Genesis 33:20

"ויצב שם מזבח ויקרא לו אל אלהי ישראל׃"

The context of Genesis 33:20 is Genesis 33:18-20

"18After Jacob had come from Paddan-aram, he arrived safely at the city of Shechem in the land of Canaan, and he camped just outside the city. 19And the plot of ground where he pitched his tent, he purchased from the sons of Hamor, Shechem’s father, for a hundred pieces of silver. 20There he set up an altar and called it El-Elohe-Israel."

Are the meanings of El and Elohe in Genesis 33:20 different or same? If different, how do they different?

3 Answers 3


In Genesis 33:20, "El" is the same word as the noun "el", deity or god, here used as a proper name for God. In the Massoretic Hebrew text on which most of the translations are based, there are no upper or lower case letters to indicate when "el" is used in the sense of "a god", or is used in the sense of "God", or as a proper name for God. The reader relies on the context to understand the intended usage, which in this verse is clear. In all cases of "el" or "El", the Hebrew word "el" is pointalized with a tsere diacritic under the first letter, aleph, indicating that the pronunciation in American English terms is more like "Ale" than "El" (as when pronouncing the name of the letter "L").

The word "elohe" is a Hebrew possessive propositional form of "elohim" meaning "god of". So the complete phrase in (my) translation is

El, the god of Israel

Both "elohim" and "elohe" start with the same Hebrew letter as "el", aleph, but the diacritic under the aleph is hataf-segol, indicating that the pronunciation is more like a short "e" as when pronouncing the name of the letter "L" or as a shortened soft "a" as in "Al Capone". So the complete phrase in transliteration is

Ale, alohey Yisro'el

When reading the MT text in Hebrew, there is a noticeable difference between "El" ("Ale") and "elohe" ("alohay"). A reader doing the public reading in a synagogue would be stopped and corrected for not making this distinction, as I was years ago.

Note that the Massoretic text also contains readers marks that indicate the punctuation tradition. In this case there is a tifha under the first letter of "El", indicating that the first letter is accented and that there is a short stop, a comma, after the word. In "elohe" the readers mark is a maaraca at the end of the word indicating that the last letter is accented.

Taken together, the grammar, the diacritics and the readers marks make the distinction between "el" and "elohe" very clear. But confusion between them is natural when reading a simplified English transliteration without knowing Hebrew.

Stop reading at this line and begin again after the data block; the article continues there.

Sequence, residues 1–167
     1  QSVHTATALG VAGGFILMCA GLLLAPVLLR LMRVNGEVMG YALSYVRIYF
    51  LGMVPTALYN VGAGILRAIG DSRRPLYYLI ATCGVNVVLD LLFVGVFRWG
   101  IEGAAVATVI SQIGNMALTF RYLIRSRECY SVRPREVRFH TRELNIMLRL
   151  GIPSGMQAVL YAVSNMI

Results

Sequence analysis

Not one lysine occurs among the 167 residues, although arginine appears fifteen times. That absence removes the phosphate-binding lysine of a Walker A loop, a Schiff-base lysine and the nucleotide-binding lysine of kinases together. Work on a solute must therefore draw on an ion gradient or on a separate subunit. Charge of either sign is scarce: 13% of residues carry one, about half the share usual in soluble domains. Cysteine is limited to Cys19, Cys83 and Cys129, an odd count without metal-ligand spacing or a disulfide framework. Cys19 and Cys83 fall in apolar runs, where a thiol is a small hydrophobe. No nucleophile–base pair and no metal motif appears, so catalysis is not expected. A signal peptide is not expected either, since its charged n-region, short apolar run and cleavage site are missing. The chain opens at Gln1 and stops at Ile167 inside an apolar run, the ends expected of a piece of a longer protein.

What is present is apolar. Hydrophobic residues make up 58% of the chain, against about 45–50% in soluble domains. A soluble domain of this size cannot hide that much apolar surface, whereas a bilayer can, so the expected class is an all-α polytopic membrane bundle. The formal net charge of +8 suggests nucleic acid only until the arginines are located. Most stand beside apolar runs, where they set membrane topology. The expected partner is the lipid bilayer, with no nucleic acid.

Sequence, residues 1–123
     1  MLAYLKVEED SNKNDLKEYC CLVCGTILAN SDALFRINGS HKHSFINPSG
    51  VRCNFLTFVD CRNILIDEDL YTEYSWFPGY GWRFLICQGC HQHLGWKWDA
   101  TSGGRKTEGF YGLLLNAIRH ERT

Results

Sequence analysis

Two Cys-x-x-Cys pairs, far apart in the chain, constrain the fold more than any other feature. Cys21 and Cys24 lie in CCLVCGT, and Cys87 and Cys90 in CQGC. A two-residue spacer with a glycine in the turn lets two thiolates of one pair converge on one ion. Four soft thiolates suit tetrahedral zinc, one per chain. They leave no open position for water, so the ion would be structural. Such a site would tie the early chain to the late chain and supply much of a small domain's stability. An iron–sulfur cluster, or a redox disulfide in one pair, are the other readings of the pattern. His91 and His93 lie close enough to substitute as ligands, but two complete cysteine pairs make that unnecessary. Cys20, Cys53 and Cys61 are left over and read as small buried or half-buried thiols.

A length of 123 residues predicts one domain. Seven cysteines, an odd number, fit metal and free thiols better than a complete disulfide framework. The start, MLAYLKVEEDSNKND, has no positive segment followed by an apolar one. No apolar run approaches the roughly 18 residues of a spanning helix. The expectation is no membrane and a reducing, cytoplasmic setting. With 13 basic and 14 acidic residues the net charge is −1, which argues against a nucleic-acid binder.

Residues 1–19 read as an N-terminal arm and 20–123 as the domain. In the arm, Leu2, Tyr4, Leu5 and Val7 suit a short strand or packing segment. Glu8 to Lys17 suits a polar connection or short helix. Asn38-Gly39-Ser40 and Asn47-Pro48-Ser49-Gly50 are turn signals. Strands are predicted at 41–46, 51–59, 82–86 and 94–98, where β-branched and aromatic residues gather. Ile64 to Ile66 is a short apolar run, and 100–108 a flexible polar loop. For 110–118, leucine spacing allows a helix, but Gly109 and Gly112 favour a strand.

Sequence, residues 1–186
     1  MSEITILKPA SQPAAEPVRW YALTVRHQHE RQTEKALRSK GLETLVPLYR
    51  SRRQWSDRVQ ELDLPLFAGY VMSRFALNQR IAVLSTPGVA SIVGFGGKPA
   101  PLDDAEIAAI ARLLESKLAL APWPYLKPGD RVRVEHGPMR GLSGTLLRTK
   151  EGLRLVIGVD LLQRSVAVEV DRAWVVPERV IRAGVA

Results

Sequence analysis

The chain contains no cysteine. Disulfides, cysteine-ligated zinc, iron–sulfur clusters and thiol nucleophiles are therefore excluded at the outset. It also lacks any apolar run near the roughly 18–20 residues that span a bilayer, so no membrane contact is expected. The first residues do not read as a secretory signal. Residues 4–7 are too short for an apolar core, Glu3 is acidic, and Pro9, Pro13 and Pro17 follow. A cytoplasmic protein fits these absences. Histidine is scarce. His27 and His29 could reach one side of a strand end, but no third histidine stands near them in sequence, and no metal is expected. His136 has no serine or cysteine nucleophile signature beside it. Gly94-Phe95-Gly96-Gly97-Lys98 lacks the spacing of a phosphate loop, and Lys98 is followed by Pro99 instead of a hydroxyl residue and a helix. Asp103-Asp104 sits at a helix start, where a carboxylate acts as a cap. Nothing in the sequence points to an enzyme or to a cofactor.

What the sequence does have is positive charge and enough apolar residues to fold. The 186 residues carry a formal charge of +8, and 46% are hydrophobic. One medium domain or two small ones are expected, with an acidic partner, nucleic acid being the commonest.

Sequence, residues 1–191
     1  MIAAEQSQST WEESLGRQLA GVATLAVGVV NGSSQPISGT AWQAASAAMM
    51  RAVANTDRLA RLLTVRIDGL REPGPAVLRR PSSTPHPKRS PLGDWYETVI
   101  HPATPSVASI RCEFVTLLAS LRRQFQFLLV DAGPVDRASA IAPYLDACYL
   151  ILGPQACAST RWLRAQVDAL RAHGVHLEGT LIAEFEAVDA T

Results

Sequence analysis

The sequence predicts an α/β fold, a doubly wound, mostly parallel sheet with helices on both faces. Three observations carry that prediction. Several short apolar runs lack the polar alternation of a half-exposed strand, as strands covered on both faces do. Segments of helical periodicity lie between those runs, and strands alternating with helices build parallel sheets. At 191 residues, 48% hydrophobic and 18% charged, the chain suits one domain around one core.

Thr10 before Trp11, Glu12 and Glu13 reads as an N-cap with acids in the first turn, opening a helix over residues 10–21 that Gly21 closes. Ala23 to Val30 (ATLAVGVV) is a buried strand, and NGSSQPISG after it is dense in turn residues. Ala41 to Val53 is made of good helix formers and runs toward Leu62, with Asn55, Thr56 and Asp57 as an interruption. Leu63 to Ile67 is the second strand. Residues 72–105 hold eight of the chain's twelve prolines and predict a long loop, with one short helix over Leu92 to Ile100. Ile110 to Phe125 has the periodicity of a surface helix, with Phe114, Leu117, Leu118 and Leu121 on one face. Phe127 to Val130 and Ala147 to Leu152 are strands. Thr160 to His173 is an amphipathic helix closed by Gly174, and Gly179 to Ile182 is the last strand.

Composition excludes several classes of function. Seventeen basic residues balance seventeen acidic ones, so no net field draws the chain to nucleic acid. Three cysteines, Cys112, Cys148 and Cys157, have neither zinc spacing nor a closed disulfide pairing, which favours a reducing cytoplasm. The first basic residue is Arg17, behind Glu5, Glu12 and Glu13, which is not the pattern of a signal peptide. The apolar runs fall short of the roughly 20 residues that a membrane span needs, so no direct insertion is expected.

The Christian Standard Bible, Holman Christian Standard Bible and others avoid the confusion to some degree by translating the whole phrase rather than transliterating

God, the God of Israel

and the Good News Translation translates but leaves "El" as a proper name

El, the God of Israel

which, in my opinion, of the popular translations, is the most fair translation to the non-Hebrew reader.

Finally, note that this name for an altar, "El, elohe Israel" is somewhat palindromic as the proper name Israel also contains the proper name "El" at the end. Compare this with the names "El bet El" for God and for an altar respectively in Genesis 31:13 and 35:7.

In the above I have used the names for diacritics and reader's marks and Hebrew pronunciation as used in the Yemenite Jewish community.

  • Thank you very much for the thoughtfulness, fairness and efforts to help me thoroughly!! So in Genesis 33:20, "el" was a personal proper noun. Correct ? "elohe" was "a Hebrew possessive propositional form of "elohim" meaning "god of"". So "elohe" is a special kind of common noun. Correct ? Commented Nov 26, 2018 at 10:01
  • Could the translation of "ויצב שם מזבח ויקרא לו אל אלהי ישראל׃" be "There he set up an altar and called it "Mighty is the God of Israel"."? Commented Nov 28, 2018 at 15:46
  • 1
    @Chin-LeeChan I don't think that such a translation has any corroborative support from other verses or external texts. It is using "el" as an adjective rather than as a proper name. To make such a translation plausible you would need to show a similar usage in another verse where an adjectival usage is clear. I know of no such verse.